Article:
BOISE, Idaho — About a year and a half ago, the City of Boise rolled out the Hefty Energy Bag Program, which allows residents participating collect their hard to recycle plastics inside orange Hefty bags and toss them into the blue bin with the rest of the recyclables.

From there, the bags are sorted out at the Western Recycling Facility then shipped off to a plant in Utah called Renewlogy to be converted into diesel fuel. But for the past few months, a mountain of orange bags haven't left Western Recycling.

"The facility where we send a lot of the material, they are upgrading their machinery," Colin Hickman with the city of Boise said.

Hickman says these upgrades are essential for the diesel conversion program to work.

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"Renewlogy upgraded their machinery because what they were finding is a lot of the machinery in existence to deal with plastics is built for more rigid plastics like milk containers," Hickman said. "But now with this new program, we are able to accept a lot more films, wraps and plastic bags. So, it takes different types of machinery to process those."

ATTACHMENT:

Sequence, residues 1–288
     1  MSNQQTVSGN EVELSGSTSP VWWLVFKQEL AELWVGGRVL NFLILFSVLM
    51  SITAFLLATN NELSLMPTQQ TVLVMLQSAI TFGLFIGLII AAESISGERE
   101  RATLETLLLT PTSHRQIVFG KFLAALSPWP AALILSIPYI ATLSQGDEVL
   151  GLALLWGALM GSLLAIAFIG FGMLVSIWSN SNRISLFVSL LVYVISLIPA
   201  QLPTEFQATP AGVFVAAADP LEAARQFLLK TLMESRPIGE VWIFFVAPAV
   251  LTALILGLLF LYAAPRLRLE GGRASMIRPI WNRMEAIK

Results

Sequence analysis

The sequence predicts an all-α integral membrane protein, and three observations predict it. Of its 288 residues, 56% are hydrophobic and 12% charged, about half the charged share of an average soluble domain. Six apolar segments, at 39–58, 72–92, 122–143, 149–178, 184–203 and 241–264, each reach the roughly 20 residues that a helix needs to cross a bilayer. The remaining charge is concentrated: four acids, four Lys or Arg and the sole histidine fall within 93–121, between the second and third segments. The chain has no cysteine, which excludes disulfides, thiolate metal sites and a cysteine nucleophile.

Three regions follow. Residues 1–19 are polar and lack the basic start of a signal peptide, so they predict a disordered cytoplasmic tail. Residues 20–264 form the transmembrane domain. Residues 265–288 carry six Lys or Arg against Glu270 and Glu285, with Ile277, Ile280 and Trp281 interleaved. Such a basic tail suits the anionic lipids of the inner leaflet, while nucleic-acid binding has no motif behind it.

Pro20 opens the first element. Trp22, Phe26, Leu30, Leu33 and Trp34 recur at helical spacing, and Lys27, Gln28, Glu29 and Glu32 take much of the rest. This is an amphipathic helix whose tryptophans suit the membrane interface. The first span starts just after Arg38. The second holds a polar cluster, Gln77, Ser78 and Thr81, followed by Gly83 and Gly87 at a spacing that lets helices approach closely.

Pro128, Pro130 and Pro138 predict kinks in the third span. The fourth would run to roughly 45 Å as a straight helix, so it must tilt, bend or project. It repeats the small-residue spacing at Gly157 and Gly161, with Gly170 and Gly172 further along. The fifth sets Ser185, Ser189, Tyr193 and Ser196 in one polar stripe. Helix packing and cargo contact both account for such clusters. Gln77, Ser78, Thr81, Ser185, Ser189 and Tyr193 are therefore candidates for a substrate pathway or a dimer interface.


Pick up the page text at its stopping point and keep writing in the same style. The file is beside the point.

Orange Hefty bags will continue to be stored at Western Recycling until upgrades at Renewlogy are finished in January 2020.

In the meantime, the city says keep filling the orange bags as usual.

"Residents that are participating in the program shouldn't see any impact to their service," Hickman said.

Hickman also says the temporary storage isn't costing the city any extra money, but he admits the Hefty Energy Bag Program has been met with unforeseen challenges and the city will continue to look for other ways to recycle.

"The city and its partners are really starting to explore other things out there that could be done with these hard to recycle plastics," he said.

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